Tuesday, January 17, 2012
Directed by: Steve McQueen
Starring: Michael Fassbender, Carey Mulligan
Psychological afflictions don’t come much more interesting than sex addiction. It’s a sad, fascinating and deeply damaging disease and one which has been washed over by dozens of over-sexed fading movie stars who have touted it as the reason for their sudden stint in rehab. As we raise our eyebrows at these less than sympathetic characters the reality of the affliction becomes little more than a joke to most people. But of course sex addiction does exist and it’s ugly, deadening and painful to watch.
Director Steve McQueen, the king of “horribly stark” takes us on a journey over the course of a few days with Brandon, a handsome yuppie living it up in downtown Manhattan. He is also a sex addict. For a while it’s all piercing stares and visual examination of his clearly carefully sculpted body but it soon becomes very clear that for Brandon, sex isn’t sexy. It is creepy and it is cold and his hunger for it is a constant distraction. Things really kick off when his sister Sissy invades his life and invites herself on to his couch for a few days. Brandon’s world is cold, clinical and ordered and when a frazzled, damaged Sissy enters it, all hell breaks loose.
If Brandon is a closed book, Cissy is his polar opposite. She wears her naïve heart on her sleeve and it is horrible to see how broken she is but even worse to know (or guess, I suppose) that this is a situation she gets herself in time and time again. As we follow Brandon through his series of encounters and a particularly upsetting date with a woman who is smart, beautiful and who he really feels for we experience the depths of his problems and his despair.
Fassbender plays this role to perfection. His sculpted body and square jaw give him enough cheesy appeal to ensure we believe he would rarely find it difficult to attract women but his steely, cold eyes give him the mystique to buy into the fact that there’s more going on behind the eyes than we think.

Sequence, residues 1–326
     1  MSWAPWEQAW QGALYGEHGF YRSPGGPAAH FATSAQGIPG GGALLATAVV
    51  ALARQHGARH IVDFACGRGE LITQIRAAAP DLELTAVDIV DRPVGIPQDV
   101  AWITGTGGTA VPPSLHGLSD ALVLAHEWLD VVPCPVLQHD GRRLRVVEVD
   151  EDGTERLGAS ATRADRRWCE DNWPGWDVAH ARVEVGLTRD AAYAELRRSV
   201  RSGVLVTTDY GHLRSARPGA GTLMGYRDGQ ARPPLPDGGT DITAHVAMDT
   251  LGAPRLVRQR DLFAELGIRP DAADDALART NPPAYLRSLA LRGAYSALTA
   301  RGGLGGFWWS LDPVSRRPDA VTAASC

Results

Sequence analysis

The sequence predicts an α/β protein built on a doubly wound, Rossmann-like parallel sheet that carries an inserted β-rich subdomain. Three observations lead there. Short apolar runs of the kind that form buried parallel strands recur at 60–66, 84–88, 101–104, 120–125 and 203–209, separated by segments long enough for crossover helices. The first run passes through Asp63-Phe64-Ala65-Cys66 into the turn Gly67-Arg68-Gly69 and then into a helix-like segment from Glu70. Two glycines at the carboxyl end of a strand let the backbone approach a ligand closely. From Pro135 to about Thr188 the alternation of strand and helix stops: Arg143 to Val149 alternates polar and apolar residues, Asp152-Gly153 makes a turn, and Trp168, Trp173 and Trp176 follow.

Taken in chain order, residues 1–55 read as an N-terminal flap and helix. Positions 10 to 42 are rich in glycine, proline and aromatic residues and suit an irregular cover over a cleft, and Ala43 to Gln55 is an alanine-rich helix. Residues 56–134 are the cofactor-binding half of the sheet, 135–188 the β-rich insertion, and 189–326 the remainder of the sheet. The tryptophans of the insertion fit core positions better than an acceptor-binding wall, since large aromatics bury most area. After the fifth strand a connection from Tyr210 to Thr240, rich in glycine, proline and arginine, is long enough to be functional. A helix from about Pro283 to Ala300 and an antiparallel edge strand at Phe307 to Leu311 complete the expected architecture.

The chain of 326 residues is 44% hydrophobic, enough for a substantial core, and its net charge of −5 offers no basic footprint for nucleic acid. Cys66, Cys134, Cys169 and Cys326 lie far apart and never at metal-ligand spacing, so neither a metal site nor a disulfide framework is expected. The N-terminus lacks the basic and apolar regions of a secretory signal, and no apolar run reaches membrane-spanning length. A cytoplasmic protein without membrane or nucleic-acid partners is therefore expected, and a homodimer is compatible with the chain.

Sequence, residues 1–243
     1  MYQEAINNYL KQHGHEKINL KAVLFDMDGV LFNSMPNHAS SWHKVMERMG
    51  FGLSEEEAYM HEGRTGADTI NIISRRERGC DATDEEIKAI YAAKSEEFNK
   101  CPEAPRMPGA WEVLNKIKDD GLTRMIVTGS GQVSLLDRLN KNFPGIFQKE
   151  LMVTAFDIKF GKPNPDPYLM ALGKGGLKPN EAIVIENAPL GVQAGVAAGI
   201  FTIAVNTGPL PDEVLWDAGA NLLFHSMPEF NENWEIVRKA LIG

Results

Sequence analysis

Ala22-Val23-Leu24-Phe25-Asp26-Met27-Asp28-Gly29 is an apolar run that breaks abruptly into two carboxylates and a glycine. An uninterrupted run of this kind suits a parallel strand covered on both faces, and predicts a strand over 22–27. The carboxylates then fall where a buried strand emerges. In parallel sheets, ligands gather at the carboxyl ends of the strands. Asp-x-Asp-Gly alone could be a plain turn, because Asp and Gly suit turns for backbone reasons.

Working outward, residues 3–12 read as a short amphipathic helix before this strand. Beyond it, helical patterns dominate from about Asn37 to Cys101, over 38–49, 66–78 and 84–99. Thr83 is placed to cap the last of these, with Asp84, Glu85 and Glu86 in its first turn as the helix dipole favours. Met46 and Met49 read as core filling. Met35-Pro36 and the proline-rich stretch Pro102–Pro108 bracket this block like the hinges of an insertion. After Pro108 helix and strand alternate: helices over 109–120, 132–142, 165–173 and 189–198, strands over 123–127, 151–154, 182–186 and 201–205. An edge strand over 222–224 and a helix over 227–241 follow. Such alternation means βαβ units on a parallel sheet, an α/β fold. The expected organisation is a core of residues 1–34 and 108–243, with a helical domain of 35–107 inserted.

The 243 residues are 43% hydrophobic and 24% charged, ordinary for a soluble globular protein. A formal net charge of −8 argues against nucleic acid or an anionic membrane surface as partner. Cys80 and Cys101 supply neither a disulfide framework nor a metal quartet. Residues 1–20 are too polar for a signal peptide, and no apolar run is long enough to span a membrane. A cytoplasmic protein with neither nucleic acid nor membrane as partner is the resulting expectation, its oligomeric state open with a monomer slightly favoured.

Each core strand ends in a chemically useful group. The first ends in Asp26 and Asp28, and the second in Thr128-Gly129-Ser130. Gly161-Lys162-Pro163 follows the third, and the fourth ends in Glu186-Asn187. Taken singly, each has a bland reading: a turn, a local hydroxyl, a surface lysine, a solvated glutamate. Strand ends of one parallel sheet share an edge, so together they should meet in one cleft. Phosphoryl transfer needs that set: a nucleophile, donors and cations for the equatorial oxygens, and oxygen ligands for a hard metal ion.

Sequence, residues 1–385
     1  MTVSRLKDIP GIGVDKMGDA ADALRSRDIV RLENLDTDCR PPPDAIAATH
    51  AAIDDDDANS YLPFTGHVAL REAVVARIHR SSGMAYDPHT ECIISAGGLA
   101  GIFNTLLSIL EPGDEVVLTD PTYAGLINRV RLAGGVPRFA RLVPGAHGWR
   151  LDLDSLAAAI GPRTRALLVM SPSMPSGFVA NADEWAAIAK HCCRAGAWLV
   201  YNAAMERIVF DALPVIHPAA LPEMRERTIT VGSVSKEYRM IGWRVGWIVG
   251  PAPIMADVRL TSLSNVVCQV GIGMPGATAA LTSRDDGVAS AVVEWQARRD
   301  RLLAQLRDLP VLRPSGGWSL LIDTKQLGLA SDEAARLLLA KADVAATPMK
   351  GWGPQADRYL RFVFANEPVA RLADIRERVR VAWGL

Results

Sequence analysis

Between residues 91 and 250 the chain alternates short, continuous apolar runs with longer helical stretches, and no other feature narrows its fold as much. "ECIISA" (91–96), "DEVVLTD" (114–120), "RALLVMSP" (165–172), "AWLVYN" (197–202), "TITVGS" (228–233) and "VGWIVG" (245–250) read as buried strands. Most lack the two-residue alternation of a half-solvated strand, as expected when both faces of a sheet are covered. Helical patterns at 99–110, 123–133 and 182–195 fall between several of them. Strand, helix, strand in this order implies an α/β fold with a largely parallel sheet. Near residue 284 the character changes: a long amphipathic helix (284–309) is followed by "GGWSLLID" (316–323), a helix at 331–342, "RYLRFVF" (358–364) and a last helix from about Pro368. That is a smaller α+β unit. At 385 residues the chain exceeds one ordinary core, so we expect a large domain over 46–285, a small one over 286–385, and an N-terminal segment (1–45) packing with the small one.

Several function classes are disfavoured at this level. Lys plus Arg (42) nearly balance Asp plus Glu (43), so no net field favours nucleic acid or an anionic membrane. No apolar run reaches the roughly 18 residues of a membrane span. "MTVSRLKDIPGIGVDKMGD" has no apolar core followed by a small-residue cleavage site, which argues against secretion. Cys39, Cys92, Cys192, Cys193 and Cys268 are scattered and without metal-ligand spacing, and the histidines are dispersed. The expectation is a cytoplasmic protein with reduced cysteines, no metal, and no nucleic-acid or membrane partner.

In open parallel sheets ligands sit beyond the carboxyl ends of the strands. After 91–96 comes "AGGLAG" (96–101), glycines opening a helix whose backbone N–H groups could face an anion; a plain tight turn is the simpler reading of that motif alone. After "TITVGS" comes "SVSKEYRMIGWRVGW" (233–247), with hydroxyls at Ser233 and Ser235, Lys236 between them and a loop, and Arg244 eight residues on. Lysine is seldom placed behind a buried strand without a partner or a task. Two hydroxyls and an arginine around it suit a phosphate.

The relationship between he and his sister is not explored fully but enough is shown and hinted at to presume that they did not have a conventional childhood. Both seem to understand each other in that level of familiarity that only exists between people who grew up together but they are also worlds apart in so many ways that they almost challenge each other to understand the alien worlds they each live.
Shame is a success on many levels. It is engaging and atmospheric and shows many of the ways in which sex addiction is unglamorous. However, I was slightly disappointed with the film’s ability to bring anything new to the table. As it ended I came away feeling that I’d seen all this before and at the end of the day for all its nudity and lingering focus on its subjects it didn’t feel very intimate and felt almost conventional. As engaging as it was, there was nothing to mull over when the credits rolled and no new perspective to justify the time we spent in Brandon’s company. Maybe I’ve been desensitised by four seasons of Californication, a subtler but no less unsettling exploration of sex addiction but I didn’t feel that Shame gave me any new material to consider on the subject.
Shame is enjoyable and aesthetically pleasing but ultimately unrewarding, I can’t help feeling like this is a somewhat shallow representation of a misunderstood and underestimated disease. That being said, there’s much to admire in the film and it’d definitely worth seeing on the big screen.
- Charlene Lydon